Mafe draws on critical race, postcolonial, & gender theories
Diana Adesola Mafe is an associate professor of English at Denison University. Her newest book is called Where No Black Woman Has Gone Before: Subversive Portrayals in Speculative Film and TV (University of Texas Press, 2018). Writing for fans as well as scholars, Professor Mafe looks at representations of black womanhood and girlhood in American and British speculative film and television, including 28 Days Later, AVP: Alien vs. Predator, Children of Men, Beasts of the Southern Wild, Firefly, and Doctor Who: Series 3. Each of these has a subversive black female character in its main cast, and Mafe draws on critical race, postcolonial, and gender theories to explore each film and television show, placing the black female characters at the center of the analysis and demonstrating their agency.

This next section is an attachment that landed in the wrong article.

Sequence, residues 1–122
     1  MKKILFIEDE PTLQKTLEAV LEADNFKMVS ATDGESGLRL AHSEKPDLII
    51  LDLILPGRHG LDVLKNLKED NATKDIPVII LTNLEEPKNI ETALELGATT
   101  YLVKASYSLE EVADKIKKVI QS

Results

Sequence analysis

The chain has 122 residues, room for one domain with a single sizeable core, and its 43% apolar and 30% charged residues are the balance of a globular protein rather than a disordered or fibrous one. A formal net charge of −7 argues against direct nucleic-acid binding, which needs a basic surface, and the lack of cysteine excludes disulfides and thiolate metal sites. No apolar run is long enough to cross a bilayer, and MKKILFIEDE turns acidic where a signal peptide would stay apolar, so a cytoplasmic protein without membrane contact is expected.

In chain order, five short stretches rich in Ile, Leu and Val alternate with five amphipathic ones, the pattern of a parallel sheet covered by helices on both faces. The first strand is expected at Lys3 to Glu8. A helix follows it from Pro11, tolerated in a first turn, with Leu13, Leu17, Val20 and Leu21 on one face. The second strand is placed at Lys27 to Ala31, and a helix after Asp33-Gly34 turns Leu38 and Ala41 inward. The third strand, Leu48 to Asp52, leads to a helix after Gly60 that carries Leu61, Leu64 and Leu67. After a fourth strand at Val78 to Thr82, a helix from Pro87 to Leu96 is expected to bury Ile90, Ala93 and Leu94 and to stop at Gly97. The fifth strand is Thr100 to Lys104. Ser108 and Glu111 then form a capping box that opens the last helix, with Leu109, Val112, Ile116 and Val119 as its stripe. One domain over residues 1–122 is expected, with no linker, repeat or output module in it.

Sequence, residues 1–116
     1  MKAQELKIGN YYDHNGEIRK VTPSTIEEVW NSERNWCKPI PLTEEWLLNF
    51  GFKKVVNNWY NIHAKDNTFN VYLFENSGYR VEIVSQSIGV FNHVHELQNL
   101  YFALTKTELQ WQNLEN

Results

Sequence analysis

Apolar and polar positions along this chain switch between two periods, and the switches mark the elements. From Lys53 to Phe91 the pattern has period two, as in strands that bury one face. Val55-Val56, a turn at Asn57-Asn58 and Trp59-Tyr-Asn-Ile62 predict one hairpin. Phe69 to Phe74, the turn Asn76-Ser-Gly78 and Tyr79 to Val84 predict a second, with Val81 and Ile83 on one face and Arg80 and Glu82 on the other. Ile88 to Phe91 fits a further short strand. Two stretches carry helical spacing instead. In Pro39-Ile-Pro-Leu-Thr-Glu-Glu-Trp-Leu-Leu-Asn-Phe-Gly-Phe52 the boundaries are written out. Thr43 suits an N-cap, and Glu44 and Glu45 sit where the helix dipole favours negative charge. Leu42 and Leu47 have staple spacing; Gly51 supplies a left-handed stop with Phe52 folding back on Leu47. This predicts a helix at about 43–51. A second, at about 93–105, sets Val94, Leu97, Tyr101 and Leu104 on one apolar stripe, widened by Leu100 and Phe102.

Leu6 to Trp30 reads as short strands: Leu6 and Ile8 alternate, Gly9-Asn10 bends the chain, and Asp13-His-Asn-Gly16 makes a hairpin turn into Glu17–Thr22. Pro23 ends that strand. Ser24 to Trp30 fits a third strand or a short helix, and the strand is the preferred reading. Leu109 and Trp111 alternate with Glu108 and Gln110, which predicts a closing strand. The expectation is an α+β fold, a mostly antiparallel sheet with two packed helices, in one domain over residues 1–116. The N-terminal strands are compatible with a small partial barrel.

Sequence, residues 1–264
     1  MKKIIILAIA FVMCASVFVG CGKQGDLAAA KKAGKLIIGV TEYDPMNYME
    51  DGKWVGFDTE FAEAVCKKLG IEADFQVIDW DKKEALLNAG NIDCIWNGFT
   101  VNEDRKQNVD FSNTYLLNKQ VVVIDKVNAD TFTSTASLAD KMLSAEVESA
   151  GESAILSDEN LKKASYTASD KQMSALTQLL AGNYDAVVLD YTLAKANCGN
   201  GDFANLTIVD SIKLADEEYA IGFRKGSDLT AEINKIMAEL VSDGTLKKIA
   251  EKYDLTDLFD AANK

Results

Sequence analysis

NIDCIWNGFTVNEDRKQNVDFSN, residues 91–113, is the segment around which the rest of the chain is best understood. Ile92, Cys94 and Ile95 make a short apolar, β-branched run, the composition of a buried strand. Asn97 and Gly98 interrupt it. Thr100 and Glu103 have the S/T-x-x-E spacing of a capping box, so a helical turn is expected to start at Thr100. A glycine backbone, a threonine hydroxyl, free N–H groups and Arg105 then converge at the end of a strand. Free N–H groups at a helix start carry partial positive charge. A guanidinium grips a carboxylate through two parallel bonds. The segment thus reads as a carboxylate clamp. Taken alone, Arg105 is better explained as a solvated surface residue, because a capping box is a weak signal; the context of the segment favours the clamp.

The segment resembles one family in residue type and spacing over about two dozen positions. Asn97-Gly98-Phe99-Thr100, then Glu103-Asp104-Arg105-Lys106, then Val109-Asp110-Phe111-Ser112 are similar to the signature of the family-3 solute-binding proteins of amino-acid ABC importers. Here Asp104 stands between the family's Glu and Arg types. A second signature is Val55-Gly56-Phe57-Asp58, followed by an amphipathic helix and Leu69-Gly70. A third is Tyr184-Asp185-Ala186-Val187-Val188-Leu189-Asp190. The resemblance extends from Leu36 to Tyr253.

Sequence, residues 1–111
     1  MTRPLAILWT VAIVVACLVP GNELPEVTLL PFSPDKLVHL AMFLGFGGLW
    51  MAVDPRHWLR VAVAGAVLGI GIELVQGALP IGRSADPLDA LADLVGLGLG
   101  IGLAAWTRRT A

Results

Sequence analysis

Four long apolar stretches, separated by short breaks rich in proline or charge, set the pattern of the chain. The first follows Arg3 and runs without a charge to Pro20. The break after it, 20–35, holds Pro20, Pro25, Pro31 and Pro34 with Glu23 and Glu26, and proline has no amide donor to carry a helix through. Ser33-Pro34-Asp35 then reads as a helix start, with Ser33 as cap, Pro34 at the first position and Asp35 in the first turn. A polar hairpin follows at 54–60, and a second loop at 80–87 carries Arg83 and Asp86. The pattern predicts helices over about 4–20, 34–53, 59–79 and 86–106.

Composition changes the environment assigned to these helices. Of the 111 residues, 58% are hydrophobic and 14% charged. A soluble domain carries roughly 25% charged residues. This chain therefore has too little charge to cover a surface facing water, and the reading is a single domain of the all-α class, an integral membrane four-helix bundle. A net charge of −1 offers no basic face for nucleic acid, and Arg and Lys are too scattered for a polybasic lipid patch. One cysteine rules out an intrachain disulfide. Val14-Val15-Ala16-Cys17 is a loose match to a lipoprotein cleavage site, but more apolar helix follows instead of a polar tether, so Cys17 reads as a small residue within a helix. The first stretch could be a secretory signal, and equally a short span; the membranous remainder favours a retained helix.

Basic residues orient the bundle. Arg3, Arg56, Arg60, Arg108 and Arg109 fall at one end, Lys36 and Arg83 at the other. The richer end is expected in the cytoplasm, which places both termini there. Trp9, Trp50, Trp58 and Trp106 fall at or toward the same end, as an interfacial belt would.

The first full study of black female characters in speculative film and television, Where No Black Woman Has Gone Before shows why heroines such as Lex in AVP and Zoë in Firefly are inspiring a generation of fans, just as Lt. Uhura did on the bridge of the Starship Enterprise on Star Trek over 50 years ago.